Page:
What if I wear indigo panties but a brown tunic over it?

    Book - Royal road - Free! Seraphim === TTRPG - Wuxia - Free! Seln Alora
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    WhelkWhelk Registered User regular
    edited August 2023
    You picadilly whore

    Edit: Wearing white as I say this

    Whelk on
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    Endless_SerpentsEndless_Serpents Registered User regular
    edited August 2023
    You gotta make a Pantie Check when you do any physical task verses onlooker’s Vigilance Against Sins Unto God. You gain advantage if you’re wearing a good belt.

    If you’ve got a point in Rhetoric you can tell them off for staring.

    Endless_Serpents on
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    IncenjucarIncenjucar VChatter Seattle, WARegistered User regular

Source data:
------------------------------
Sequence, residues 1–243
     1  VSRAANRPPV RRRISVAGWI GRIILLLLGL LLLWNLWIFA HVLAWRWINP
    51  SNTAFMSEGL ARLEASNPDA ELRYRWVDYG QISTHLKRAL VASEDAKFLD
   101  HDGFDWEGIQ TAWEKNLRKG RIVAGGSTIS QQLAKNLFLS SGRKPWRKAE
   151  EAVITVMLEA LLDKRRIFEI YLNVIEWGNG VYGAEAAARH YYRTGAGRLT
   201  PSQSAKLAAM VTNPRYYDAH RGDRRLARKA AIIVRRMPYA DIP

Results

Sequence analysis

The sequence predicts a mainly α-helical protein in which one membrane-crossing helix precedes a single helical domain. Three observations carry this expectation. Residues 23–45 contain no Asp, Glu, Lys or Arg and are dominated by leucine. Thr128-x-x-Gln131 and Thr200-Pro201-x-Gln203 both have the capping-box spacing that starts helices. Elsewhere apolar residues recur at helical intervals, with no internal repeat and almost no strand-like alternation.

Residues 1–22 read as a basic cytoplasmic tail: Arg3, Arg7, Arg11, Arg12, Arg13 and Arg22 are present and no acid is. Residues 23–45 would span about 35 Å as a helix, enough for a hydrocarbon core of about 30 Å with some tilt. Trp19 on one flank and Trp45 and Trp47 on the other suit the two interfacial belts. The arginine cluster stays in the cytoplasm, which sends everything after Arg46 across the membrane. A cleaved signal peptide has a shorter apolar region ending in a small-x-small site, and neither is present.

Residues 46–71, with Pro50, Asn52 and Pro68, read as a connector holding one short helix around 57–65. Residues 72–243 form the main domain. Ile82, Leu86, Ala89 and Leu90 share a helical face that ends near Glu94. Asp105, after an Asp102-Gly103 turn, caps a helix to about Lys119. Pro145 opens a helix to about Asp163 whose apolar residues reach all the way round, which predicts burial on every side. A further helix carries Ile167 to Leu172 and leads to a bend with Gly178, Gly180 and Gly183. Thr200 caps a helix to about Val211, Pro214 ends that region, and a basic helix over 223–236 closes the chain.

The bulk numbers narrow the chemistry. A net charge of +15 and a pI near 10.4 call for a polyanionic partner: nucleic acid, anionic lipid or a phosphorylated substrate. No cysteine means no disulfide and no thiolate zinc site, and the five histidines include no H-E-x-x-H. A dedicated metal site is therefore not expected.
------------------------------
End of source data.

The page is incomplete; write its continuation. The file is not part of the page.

We talking about a Xanth RPG here.

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    gavindelgavindel The reason all your software is brokenRegistered User regular
    Slowly adding more Path and Grace. One big design goal here is to condense down. I had started out with 15 Path powers per Path; 15 Grace powers per Grace; and about 25 professions. Now I'm having to make the hard cuts to get the ability bloat down.

    Fewer abilities, bigger impact. Cut this subsystem; can always do an expansion for it later. Condense the language and the abilities down.

    Today we have:
    The Grace of Air, Grace of the intellect! https://www.selnalora.com/players/grace/air/index.html